For the broken

I couldn’t help but laugh when this handle popped off in my hand.

We live in a pretty old town house, and while it has been maintained pretty well, “good enough” is definitely the standard around here, rather than “quality” (not even “high quality” just regular “quality”).

All sarcasm and sass aside, I also recognize how appropriate this was that the handle that broke is on the door that has a scripture passage taped to it.

This is what the passage says:

“Do nothing from selfish ambition or conceit, but in humility count others more significant than yourselves. Let each of you look not only to his own interests, but also to the interests of others. Have this mind among yourselves, which is yours in Christ Jesus, who, though he was in the form of God, did not count equality with God a thing to be grasped, but emptied himself, by taking the form of a servant, being born in the likeness of men. And being found in human form, he humbled himself by becoming obedient to the point of death, even death on a cross. Therefore God has highly exalted him and bestowed on him the name that is above every name, so that at the names of Jesus every knee should bow, in heaven and on earth and under the earth, and every tongue confess that Jesus Christ is Lord, to the glory of God the Father.”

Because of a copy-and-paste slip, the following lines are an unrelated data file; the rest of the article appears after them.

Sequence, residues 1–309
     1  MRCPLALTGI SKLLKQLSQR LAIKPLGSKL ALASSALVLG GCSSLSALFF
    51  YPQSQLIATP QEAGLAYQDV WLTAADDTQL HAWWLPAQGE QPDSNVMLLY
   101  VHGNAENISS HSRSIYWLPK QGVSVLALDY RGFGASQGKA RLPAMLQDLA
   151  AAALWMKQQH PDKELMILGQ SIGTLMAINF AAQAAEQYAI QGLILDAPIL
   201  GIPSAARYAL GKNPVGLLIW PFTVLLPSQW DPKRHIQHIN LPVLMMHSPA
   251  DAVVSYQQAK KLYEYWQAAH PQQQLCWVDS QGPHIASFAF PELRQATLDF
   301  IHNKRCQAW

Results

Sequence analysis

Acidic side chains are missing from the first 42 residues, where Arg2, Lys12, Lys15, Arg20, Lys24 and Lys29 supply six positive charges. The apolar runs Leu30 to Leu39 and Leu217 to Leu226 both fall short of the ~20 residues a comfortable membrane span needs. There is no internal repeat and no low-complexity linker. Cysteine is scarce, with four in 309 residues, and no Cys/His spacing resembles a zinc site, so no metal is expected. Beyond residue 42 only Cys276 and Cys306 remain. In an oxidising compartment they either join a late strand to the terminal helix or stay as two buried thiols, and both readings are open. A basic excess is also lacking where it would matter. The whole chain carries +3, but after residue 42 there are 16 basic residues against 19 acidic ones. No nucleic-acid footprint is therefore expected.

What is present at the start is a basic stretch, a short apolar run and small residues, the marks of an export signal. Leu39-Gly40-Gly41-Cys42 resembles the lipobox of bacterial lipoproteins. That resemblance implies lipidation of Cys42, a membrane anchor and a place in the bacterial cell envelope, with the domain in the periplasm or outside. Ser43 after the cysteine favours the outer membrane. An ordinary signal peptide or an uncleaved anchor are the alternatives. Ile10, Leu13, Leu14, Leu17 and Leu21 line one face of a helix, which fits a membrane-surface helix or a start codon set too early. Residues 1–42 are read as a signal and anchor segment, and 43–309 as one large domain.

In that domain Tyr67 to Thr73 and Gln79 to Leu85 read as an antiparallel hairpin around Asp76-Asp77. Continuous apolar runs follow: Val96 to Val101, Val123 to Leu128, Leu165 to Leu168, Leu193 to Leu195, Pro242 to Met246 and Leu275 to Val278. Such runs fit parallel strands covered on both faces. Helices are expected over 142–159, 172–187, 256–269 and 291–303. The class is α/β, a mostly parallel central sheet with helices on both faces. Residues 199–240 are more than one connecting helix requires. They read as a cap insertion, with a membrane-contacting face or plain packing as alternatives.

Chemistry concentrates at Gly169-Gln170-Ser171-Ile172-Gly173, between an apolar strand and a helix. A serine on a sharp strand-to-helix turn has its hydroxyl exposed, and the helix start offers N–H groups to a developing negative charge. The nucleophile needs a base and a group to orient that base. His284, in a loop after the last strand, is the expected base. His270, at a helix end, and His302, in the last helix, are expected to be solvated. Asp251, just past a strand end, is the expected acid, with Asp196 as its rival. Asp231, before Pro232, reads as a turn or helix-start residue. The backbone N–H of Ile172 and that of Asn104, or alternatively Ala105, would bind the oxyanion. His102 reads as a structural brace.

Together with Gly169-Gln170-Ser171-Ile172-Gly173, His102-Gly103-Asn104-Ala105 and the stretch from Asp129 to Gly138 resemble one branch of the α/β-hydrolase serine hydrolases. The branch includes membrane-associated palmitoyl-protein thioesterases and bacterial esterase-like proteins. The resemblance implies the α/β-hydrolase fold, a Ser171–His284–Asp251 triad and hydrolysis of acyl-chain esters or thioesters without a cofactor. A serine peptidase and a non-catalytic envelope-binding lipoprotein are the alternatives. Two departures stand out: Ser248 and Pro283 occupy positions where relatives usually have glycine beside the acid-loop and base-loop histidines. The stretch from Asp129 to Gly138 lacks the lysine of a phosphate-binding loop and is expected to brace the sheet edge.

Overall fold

Philippians 2:3-11

I have this passage taped on this door, because this door is over our kitchen sink. It is literally right in front in my face while I do my least favorite chore, washing dishes. It is a constant reminder of the humility I am to imitate, Jesus Christ’s.

This passage describes Jesus coming down into our broken, sinful, fallen, sorrow-filled world, in order to serve and save those in it. Jesus came to serve and save broken, sinful, fallen, sorrowful people.
We are like my cabinet door on our best days. Holding it together with too much paint and not enough screw. That is, without Jesus.

WITH JESUS: We are not just fixed up enough to work properly. No, with Jesus, our hearts are replaced and made new, our dead soul lives, our lame legs walk, our blind eyes see.

Believers are then called to not just be renewed, but to be renewers, to be tools in the Savior’s hands. We are called to go, like Jesus did, and serve others. Yet, not in our own strength, knowing that we were broken too, but in his strength, through the power of the Holy Spirit within us, as servants of the Master, as ambassadors of the King, as children of the Father.